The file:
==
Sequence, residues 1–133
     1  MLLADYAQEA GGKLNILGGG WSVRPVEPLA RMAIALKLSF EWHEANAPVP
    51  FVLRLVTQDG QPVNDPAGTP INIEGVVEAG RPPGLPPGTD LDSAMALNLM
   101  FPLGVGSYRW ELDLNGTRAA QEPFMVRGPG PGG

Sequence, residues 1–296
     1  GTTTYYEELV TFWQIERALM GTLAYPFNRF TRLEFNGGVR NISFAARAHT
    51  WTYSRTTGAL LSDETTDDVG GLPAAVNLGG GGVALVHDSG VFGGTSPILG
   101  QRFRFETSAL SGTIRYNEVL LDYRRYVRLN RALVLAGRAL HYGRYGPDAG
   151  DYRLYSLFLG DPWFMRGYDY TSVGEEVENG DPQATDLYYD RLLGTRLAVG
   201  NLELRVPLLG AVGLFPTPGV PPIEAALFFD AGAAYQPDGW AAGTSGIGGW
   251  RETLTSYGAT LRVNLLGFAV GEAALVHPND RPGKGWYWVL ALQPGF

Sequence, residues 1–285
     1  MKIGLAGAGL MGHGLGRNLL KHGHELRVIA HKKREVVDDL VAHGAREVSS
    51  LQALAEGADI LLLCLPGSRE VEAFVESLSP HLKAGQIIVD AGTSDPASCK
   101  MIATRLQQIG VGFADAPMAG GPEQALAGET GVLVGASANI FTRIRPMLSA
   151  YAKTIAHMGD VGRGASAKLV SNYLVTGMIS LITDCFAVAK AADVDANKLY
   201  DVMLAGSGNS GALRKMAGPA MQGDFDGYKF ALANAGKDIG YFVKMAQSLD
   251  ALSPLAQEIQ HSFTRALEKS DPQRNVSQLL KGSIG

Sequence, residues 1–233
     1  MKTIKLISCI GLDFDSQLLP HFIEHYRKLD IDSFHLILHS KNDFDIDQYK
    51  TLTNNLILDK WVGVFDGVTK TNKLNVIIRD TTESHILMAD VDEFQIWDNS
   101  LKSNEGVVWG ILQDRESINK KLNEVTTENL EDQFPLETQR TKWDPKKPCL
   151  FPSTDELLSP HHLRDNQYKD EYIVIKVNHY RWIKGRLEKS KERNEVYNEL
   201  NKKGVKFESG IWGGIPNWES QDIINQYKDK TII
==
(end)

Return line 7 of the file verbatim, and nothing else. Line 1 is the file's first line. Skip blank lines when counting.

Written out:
    51  WTYSRTTGAL LSDETTDDVG GLPAAVNLGG GGVALVHDSG VFGGTSPILG